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Luana Karina de Aguiar Goncalves, of Brazil but now a New Zealand citizen, said of 113 people she knew stuck in their homeland, 68 had been unable to get Immigration NZ (INZ) approval to return, and while the other 45 had gained approval, because airline connections had been severed, they also remained stuck.
Ms Goncalves said the approvals only lasted three months, which might not be long enough for them to secure flights back to New Zealand.
Some stranded Brazilians were still paying rent and other bills in Queenstown, and their cars and belongings remained there too.
They were not able to work while in Brazil - they were self-isolating so they could catch a flight at any stage, she said.
Queenstown resident Kaye Parker said the situation was ‘‘a real tragedy for both the companies who want them back, and the people themselves’’.
Mrs Parker said she understood the need to control New Zealand’s borders, but questioned why those with supporting letters from their employers, and on work-to-residence visas, could not be given approval to return.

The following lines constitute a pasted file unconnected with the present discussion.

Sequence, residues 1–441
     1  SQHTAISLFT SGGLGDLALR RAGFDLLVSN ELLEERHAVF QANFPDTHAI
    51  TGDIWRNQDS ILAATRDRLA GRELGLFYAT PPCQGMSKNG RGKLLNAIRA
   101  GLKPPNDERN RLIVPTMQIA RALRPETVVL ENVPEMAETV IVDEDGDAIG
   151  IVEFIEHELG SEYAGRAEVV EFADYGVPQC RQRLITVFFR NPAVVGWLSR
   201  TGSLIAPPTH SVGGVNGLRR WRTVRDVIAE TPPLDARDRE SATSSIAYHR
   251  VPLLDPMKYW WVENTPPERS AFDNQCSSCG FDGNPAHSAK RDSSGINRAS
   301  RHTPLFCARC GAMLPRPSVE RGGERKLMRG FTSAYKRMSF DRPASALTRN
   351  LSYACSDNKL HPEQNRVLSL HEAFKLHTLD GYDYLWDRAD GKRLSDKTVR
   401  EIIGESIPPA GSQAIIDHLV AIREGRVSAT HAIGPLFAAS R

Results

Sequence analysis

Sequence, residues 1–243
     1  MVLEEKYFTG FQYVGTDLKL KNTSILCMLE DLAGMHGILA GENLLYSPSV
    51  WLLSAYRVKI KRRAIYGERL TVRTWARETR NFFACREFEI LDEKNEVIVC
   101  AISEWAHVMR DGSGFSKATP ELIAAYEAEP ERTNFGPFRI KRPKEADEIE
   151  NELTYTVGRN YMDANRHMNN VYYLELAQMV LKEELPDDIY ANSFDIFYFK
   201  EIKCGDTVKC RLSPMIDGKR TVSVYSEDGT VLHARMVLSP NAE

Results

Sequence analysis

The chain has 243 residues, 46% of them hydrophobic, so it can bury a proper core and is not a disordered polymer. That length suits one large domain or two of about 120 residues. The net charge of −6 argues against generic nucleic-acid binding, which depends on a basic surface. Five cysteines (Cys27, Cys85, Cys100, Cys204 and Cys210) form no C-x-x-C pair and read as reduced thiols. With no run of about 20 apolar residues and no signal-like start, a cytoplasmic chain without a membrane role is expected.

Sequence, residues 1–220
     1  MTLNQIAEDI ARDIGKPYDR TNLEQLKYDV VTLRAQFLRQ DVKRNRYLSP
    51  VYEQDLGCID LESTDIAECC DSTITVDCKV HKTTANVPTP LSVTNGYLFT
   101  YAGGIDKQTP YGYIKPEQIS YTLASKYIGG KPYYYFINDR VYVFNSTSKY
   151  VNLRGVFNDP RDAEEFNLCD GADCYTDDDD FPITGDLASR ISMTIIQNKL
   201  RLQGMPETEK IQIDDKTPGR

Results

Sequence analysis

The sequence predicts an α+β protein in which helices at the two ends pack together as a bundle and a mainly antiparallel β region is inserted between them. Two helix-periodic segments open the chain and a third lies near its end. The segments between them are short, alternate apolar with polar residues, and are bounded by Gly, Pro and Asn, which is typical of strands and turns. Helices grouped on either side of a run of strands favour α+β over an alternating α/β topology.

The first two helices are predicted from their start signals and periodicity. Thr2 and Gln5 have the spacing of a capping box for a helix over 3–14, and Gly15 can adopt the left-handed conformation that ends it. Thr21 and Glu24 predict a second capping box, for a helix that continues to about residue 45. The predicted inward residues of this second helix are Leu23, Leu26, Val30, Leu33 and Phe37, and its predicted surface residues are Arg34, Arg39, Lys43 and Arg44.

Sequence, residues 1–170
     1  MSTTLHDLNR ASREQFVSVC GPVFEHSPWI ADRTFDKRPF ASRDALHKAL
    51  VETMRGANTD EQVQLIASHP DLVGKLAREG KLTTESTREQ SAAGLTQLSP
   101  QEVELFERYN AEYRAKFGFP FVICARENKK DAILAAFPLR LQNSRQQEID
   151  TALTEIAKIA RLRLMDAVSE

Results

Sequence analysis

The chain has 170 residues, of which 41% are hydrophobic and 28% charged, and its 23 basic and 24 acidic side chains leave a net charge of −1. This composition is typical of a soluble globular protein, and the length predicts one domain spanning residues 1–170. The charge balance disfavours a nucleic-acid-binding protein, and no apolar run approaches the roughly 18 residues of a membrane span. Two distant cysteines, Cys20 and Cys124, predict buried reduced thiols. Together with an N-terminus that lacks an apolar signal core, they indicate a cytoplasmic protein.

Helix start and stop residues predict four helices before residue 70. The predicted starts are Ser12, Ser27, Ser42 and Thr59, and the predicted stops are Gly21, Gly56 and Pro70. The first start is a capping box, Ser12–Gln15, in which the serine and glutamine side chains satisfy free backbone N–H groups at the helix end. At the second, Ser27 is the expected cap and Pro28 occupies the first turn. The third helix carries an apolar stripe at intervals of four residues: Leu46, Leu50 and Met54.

One Queenstown example was Erika Marques, a supervisor for cleaning company A Woman’s Touch, who was visiting her sick father in Brazil when the borders closed.
She was booked to fly back on April 28, but her flight was cancelled three weeks earlier.
Ms Marques had been with A Woman’s Touch for four and a-half years, and was on a work-to-residence visa. Despite a supporting letter from her employer, and the company being included among ‘‘essential services’’ during the lockdown, she had not been allowed to return.
A Woman’s Touch quotes manager Esther Gantus said
some with partners or children in New Zealand had been allowed back, but others in the same circumstances had not, she said.
INZ border and visa operations general manager Nicola Hogg said that those who believed they could meet exceptions criteria - for example, essential health workers - could apply, but first must consider the availability of flights home.
‘‘The bar for being granted an exception to the border restrictions is set high to help stop the spread of Covid-19 and protect the health of people already in New Zealand.’’
However, Radio NZ this week quoted Immigration Minister Iain Lees-Galloway saying he was considering how to let about 10,000 migrants back into New Zealand, while saying they might need to reconsider their employment.